At this point the combat sports world knew that Showtime was getting out of the MMA business. Rumors of Paramount-owned Bellator’s impending sale (likely to business rival PFL) have dogged the promotion for weeks now, with even fighters suggesting that the move has started to affect business decisions.
What’s more of a surprise, however, is a new statement from the Paramount Global announcing that they will in fact be shuttering all sports content moving forward into 2024. Not only is MMA falling by the wayside, but boxing and other sports broadcasts and docu-series as well.
Paramount announces closure of Showtime Sports
The Sports Business Journal first reported the news, that the company would be experiencing significant layoffs from the 38-year-old Showtime Sports brand, including longtime department president Stephen Espinoza. In a statement to employees, Paramount president & CEO Chris McCarthy revealed that the network is looking to dedicate “a larger percentage of our resources toward premium scripted series that drive subscribers for us in both Pay TV and SVOD (Subscription Video On Demand).”
“As we evolve our strategy to more efficiently allocate resources and align our content offering across the business, we’ve made the difficult decision not to move forward with boxing and other content produced by the Showtime sports team,” Paramount explained in a statement to the SBJ. “Showtime will continue to air and support the remaining 2023 boxing slate and honor obligations through the end of the year.”
Espinoza gave a statement as well, noting that the decision was not reflective of the quality of work put out by Showtime Sports over the last several years. It’s not even entirely clear that Showtime will entirely abandon all sports content going forward. But SBJ reports that any future content would be produced by Paramount owned CBS Sports instead.
“The company’s decision is not a reflection of the work we have done in recent years, nor of our long and proud history. … Unfortunately, in a rapidly evolving media marketplace, the company has had to make difficult choices allocating resources, resetting priorities and reshaping its content offering. While today’s news is certainly difficult and disappointing, it is entirely out of our control.”
Dan Rafael also reported that every employee from Showtime Sports has been let go.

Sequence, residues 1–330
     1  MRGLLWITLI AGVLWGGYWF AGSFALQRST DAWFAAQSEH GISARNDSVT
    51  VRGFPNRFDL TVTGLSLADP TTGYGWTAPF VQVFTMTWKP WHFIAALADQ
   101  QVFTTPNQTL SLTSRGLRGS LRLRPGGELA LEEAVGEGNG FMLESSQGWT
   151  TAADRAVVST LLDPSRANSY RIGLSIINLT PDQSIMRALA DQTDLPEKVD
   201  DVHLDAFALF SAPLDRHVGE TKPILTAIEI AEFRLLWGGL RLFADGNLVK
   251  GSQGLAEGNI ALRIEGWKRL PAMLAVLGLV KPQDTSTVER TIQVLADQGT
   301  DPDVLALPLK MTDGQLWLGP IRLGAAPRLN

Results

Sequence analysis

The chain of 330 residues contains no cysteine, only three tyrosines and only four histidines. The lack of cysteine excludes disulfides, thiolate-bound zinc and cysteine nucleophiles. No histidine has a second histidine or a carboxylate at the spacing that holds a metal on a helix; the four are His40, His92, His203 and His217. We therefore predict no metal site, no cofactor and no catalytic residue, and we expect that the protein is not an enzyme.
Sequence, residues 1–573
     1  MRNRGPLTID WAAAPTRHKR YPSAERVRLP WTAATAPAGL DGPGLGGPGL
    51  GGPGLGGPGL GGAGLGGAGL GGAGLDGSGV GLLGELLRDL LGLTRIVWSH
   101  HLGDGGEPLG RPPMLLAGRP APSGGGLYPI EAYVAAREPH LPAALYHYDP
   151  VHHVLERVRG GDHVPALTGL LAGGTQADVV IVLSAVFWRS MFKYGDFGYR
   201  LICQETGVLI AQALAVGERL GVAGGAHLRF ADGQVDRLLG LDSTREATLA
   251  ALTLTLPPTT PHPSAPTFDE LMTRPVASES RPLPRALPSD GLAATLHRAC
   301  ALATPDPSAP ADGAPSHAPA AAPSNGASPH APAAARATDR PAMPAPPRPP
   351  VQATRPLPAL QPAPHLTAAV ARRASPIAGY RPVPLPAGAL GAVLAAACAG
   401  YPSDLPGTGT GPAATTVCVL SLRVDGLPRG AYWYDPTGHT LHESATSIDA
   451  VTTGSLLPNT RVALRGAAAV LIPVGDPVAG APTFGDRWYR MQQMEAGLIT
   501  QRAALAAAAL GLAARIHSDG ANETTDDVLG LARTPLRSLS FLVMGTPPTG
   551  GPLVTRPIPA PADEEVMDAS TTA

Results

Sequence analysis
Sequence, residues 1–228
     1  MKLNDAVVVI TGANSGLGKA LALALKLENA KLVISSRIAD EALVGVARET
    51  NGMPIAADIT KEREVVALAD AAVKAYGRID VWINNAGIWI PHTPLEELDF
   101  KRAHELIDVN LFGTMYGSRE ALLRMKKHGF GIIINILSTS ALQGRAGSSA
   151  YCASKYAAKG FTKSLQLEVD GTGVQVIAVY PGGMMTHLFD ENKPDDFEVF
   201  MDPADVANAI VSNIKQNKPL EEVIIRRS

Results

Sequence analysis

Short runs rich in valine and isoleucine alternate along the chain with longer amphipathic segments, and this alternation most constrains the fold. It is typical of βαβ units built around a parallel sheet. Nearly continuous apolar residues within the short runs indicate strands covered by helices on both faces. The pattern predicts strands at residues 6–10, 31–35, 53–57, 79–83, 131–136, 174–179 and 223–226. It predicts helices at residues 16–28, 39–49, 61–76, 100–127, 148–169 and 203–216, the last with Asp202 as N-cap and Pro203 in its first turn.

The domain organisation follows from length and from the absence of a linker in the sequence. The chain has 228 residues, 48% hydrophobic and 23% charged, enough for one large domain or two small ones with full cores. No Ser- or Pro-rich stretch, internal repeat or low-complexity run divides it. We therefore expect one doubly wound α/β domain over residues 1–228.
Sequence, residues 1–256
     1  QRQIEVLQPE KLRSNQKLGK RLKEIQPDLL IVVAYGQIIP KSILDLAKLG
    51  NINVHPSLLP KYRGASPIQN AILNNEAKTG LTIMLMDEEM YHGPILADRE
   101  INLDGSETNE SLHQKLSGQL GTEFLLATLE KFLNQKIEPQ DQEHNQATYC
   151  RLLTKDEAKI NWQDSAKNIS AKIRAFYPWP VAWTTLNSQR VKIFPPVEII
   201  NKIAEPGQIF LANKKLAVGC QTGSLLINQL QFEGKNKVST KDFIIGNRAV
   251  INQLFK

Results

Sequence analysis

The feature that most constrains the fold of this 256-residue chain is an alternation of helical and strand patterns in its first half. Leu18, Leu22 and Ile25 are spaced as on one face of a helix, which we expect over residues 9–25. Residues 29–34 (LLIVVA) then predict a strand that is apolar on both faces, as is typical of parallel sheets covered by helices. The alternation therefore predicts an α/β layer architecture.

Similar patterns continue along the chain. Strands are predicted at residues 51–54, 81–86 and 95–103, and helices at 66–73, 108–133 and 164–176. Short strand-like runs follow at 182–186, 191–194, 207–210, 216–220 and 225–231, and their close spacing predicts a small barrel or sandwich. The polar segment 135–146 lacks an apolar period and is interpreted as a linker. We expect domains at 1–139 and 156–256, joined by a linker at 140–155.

In its 38 years of operations, Showtime hosted generations of major boxing events from Marvin Hagler to Mike Tyson to Floyd Mayweather and to the young stars today like Tank Davis and Ryan Garcia. In the MMA side of things, Showtime hosted promotions like Elite XC, Strikeforce, and Bellator in the last two decades.
HBO also left the boxing business
With Showtime leaving the boxing business, this truly feels like the end of an era for US sports fans. Between Showtime and HBO American audiences were treated to a steady diet of high-level boxing events for decades. Albeit on premium TV, but readily accessible and in a solid time zone for stateside viewers. But the rise in streaming service competition has changed the game.
“Boxing has been part of our heritage for decades. During that time, the sport has undergone a transformation. It is now widely available on a host of networks and streaming services,” HBO announced in a 2018 press release. “There is more boxing than ever being televised and distributed. In some cases, this programming is very good. But from an entertainment point of view, it’s not unique.”
In the meantime, DAZN and ESPN+ have gobbled up much of the boxing market allowing for more access to global cards for fans who once would have been held just to ‘whatever’s on TV this week.’ But for fans who want their fights as part of their cable package, those days may be truly done and gone.
Join the new Bloody Elbow
Our Substack is where we feature the work of writers like Zach Arnold, John Nash and Karim Zidan. We’re fighting for the sport, the fighters and the fans. Please help us by subscribing today.
Share this story
About the author